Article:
Understanding Obamacare’s Essential Health Benefits for MA: Square Peg in a Round Hole?
The Affordable Care Act (ACA) requires insurers to provide an essential health benefits package (EHB). ACA legislation identifies ten general categories of mandated coverage (see right hand side below). A recent HHS informational bulletin outlined the scope of EHB in any given state must be equal to:
- One of the three largest small group plans in the state by enrollment;
- One of the three largest state employee health plans by enrollment;
- One of the three largest federal employee health plan options by enrollment;
- The largest HMO plan offered in the state’s commercial market by enrollment.
States will need to spend a significant amount of time deciding what “benchmark typical employer plan” they would like to use, or HHS will select the small group plan with the largest enrollment in the state as a default. Michael Ramlet and Nicole Fisher at the American Action Forum recently released a brief outlining the many procedural red flags surrounding the EHB informational bulletin.
Table 1 is a comparison of Massachusetts’ (MCC) for plans sold in the Connector and ACA’s Essential Health Benefits:
Table 1: MCC vs EHB
|Massachusetts Minimum Credible Coverage (MCC)||
ACA: Essential Health Benefits (EHB)
|MCC compliant plans must provide coverage for a broad range of medical services. There must be some level of coverage for:
||Essential Health Benefits must include items and services within at least the following 10 categories:
While EHB appears to cover a wide variety of health care needs, there still remains ambiguity as to how current state mandates will be affected by federal requirements. Some Massachusetts mandates align with EHB. However, many do not fall within any of the EHB categories, or it is unclear if they will overlap. For instance, Massachusetts MCC regulations give a robust definition of maternity and newborn care, whereas the ACA does not provide details.
What will EHB Cost?
Below is an attempt to evaluate how Massachusetts’ state mandates will overlap with EHB. The left column includes specific Massachusetts health mandates that we anticipate will fall under the EHB. The right column lists many Massachusetts mandates that we anticipate will fall outside the EHB. Section 1311(d) (3) (B) of the Affordable Care Act discusses the additional costs that states will be required to fund for care beyond the federal EHB mandates.
Policymakers will have many decisions to make and will have to weigh the costs and benefits of additional state mandates. States and consumers will have to pay 100% of costs from mandates outside of EHB in the form of higher premiums.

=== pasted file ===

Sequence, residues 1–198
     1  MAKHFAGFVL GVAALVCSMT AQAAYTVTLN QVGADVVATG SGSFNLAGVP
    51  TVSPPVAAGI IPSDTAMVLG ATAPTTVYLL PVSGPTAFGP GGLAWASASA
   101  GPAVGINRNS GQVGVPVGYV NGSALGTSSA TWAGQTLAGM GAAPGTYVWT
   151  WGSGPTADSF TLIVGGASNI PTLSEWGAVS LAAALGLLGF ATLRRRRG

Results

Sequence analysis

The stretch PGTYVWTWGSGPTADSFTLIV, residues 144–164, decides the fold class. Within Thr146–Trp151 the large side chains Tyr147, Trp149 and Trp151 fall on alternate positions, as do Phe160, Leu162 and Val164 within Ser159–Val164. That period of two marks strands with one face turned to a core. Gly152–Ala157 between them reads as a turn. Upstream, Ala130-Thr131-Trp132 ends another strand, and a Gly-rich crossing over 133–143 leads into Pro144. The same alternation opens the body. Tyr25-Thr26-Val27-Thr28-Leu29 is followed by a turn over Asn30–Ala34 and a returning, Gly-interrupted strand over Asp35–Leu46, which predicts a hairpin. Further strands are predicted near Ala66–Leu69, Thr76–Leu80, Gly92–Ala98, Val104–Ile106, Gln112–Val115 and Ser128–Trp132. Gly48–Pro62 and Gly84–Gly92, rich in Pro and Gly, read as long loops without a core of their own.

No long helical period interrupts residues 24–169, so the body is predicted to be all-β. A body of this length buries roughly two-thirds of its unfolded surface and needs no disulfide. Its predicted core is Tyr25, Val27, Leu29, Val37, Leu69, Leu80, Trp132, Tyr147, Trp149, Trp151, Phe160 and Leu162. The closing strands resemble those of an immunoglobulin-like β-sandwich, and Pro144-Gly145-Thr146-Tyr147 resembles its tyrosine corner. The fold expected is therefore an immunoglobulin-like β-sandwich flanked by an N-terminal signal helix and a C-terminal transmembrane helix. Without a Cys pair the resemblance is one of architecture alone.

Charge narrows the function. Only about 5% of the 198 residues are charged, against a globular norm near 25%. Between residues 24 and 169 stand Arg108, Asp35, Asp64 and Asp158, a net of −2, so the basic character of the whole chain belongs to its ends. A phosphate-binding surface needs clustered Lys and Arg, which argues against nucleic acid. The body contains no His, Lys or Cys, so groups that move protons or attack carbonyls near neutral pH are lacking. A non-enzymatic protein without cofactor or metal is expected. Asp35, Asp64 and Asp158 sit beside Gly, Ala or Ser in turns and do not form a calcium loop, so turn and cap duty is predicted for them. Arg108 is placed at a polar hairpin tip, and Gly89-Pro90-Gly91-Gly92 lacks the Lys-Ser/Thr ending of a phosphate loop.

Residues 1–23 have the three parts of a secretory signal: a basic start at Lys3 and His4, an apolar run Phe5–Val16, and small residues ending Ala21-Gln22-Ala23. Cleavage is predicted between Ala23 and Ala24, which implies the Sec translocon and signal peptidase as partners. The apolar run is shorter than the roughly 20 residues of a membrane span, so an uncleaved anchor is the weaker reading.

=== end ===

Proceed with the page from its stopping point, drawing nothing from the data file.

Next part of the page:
Table 2**: What Mandates will be covered?
Anticipation of Overlap with Federal EHB
Uncovered Additional State Mandates
|(EHB 4) Maternity Care
(EHB 5) Mental health care ($79.56/year)
(EHB 7) Rehabilitative services:
(EHB 8) Lab services:
(EHB 9) Preventative Treatments:
|Cancer related services:
Fertility and Contraceptive Services:
Other diseases & disorders:
Various care services:
Providers Mandated Coverage:
**Prices from the 2004-2005 Massachusetts Estimated Annual Spending on Mandated Benefits (Claims + Administration). The report estimated the cost of mandates to be roughly $1,320,000,000 for 04-05. At least eight additional mandates have been enacted since 2005.
The only state based report we found evaluating the ambiguities between federal and state mandates was a January 2011 study compiled by the California Health Benefits Review Program (CHBRP). Policy analysts evaluated five areas for federal and state policymakers to consider: maternity and newborn care, mental health services, substance use disorder services, prescription drugs, and pediatric services, including oral and vision care. Within these categories, there is significant confusion of overlap between current insurance provisions and the new mandate. For example, under California law, there is no overarching statewide mandate for maternity care; however State Managed Health Care Plans must cover maternity and pregnancy-related care under emergency and urgent care. The authors conclude that further clarification of federal requirements is needed for states to know the fiscal impact of EHB mandates, and the same appears to be true in Massachusetts.
The question of how to transition to EHB for states is a latent issue buried under the mountains of other policy decisions that must be made under the ACA. Since HHS decided to invent an informational bulletin, states are left with greater uncertainty to the future rulemaking process. Additionally, as Ramlet and Fisher point out, states must move forward lacking the benefit of a cost impact analysis, having uncertainty because of conflicting details between the bulletin & the ACA, and dealing with vagueness about the flexibility left to insurers to offer new innovative plan designs.
(This post was written with Alyssa Baker)